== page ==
In my previous post I wrote about how I will be reading and commenting on ‘you can’t teach a kid to ride a bike at a seminar’ by David H. Sandler. In this post I will be taking the first key principles from the book and explaining what they mean to me.
The rules were:
- Qualify your prospects
- Extract your prospects “pain”
- Verify the prospect has money
- Be sure your prospect is a decision maker
- Match your service or product to the prospect’s “pain”
1. Qualify your prospects.
Working here at Nett Sales this was possibly the easiest to comprehend of the 5 rules, as this is what we do as a business, using the ‘Nett Sales process’ qualifying a lead is:
- Sending a short, targeted email to a group of contacts
- monitoring the response levels on the email – who clicked on what, where did they go next and for how long…
- Qualifying the contacts into different ‘pots’ in accordance with their actions e.g. unsubscribes, clicks on link 1, clicks on link 2 etc
- Then repeating steps 1 to 3, qualifying out as many people as possible until only the ‘hot leads’ are left.
To us, a no is as good as a yes, and considerably better than a maybe!
Steps 2-5 are all encompassed in the ‘follow up’ phase of the Nett Sales process. This involves what we like to call a customer service calls to the most responsive potential clients.
2. Extract your prospects pain
Once you’ve qualified out all the bad data and contacts who aren’t interested it’s time to get personal with the potential leads. We follow up the emails with a customer service call, which simply involves calling the most responsive contacts and saying “hi Alan, i sent you an email a few days ago on behalf of ***** and i was wondering what you thought, could you offer me any feedback?” Thereby letting the customer lead the call, and if they do choose to interact with us, then because they initiated what they perceived to be the most pressing issue, we know the subject that’s most critical to them.
3. Verify the prospect has money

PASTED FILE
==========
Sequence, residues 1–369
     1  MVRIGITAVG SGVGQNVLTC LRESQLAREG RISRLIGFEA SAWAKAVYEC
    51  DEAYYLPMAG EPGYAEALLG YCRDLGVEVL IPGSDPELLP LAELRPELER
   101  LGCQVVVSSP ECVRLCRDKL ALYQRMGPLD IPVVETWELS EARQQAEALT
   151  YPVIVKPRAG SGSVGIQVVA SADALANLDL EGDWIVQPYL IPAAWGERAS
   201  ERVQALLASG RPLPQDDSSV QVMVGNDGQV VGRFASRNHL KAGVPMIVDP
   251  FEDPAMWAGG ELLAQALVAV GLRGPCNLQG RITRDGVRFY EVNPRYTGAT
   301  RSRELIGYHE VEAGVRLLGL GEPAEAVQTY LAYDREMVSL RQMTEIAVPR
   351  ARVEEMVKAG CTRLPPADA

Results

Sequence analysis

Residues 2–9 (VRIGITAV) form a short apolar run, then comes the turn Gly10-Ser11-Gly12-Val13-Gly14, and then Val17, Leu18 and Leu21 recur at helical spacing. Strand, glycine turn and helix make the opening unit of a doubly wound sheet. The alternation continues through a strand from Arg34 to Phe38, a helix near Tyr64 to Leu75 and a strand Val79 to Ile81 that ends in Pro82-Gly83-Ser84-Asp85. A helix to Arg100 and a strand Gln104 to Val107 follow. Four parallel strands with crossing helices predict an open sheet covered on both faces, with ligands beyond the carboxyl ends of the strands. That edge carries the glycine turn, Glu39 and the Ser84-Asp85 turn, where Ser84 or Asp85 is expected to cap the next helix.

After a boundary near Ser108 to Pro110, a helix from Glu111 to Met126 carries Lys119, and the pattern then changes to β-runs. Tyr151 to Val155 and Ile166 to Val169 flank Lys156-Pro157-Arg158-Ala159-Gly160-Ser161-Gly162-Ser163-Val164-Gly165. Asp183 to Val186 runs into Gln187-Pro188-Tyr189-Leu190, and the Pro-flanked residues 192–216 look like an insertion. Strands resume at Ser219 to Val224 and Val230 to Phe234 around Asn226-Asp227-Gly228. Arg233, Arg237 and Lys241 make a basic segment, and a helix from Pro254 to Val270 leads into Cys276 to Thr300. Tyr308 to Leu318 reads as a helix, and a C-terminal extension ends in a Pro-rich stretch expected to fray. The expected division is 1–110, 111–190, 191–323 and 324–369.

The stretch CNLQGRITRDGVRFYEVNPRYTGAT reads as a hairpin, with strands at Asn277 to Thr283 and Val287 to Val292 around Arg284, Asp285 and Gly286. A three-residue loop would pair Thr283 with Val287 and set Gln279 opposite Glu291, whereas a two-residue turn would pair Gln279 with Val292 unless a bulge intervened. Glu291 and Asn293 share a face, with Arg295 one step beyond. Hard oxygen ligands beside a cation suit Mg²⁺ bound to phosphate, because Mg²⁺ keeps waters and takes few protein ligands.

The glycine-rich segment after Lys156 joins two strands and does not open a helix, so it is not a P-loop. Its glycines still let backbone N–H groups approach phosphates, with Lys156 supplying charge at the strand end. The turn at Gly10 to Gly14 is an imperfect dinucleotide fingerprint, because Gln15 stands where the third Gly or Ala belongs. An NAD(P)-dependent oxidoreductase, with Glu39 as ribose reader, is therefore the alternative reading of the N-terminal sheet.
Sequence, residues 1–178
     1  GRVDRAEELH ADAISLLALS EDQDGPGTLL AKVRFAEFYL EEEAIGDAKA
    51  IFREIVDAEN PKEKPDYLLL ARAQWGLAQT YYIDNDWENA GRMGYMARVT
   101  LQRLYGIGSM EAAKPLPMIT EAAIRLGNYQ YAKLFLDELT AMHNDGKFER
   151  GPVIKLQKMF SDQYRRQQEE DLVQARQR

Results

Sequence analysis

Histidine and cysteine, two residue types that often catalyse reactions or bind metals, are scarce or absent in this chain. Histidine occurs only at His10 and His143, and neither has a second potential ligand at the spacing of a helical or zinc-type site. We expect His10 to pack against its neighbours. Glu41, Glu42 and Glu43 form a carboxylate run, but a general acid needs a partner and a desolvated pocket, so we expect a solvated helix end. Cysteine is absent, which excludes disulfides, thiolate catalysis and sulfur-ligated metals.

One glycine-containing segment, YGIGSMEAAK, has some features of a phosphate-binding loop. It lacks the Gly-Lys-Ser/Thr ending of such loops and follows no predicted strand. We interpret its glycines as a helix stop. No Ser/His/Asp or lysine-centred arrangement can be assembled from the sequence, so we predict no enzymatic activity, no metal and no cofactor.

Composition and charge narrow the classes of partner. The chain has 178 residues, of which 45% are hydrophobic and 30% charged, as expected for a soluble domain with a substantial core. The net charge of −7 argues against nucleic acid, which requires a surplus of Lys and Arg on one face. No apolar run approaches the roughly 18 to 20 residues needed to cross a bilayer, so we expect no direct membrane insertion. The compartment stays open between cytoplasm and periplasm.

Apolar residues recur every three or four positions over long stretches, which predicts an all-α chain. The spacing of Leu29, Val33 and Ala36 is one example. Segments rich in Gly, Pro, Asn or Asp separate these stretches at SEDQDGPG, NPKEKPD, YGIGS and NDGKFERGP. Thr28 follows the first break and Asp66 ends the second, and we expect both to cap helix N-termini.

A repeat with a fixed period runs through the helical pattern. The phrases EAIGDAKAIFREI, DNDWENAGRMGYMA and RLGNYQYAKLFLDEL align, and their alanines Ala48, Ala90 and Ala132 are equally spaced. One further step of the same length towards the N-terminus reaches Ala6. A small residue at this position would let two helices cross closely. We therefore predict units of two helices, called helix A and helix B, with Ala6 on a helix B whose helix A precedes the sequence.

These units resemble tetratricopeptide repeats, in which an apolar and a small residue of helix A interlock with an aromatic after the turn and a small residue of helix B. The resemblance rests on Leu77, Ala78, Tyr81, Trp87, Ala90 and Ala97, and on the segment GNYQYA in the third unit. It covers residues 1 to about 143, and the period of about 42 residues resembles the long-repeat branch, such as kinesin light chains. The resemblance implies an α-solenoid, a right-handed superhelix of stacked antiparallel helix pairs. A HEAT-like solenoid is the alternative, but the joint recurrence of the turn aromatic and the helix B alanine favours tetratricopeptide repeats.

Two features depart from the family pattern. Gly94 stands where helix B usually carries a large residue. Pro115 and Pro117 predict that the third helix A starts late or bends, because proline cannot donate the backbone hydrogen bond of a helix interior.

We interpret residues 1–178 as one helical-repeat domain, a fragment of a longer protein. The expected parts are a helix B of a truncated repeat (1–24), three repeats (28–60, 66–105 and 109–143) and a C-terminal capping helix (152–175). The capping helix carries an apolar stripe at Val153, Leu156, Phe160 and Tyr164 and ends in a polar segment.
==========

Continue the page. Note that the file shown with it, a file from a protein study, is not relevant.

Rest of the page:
We tend to talk budgets fair early, for example a customer may say “i spent 2 years with xyz charging me an absolute fortune and didn’t get a single sale from it” at which point we can inquire as to how much a fortune is, and what sort of money they would be looking to invest in gaining more sales.
4. Be sure your prospect is a decision maker
This tends not to be such an issue for us, as the data we use when mailing potential clients is telephone cleansed in order to determine that we are contacting the right person within the business.
5. Match your service or product to the prospect’s “pain”
As discussed in point 2 we let the customer lead the conversation so we can discover exactly what it is they want, and as almost everybody wants more sales all we have to do is package the service in a way that’s attractive to this individual client. For example, one client had spent thousands on producing brochures to send to names collected at a trade fair they were attending.
We suggested instead of using expensive printed brochures they collected a name, email address and phone number, then a few days after the show we send an email in their name saying “hi, saw you at the show, what did you think of our offerings? If you’re interested then look here for a pdf of our brochure/website”
Understandably their response was, “won’t people just think it’s spam…?”
“How many brochures/leaflets do you get through the door every day?”
If someone is interested in your offering, they will read it no matter what the medium, and obviously you won’t know if someone has read your brochure, if it’s printed, but a digital copy is a whole other matter…
Check back soon for the latest installment of the Sandler sales process!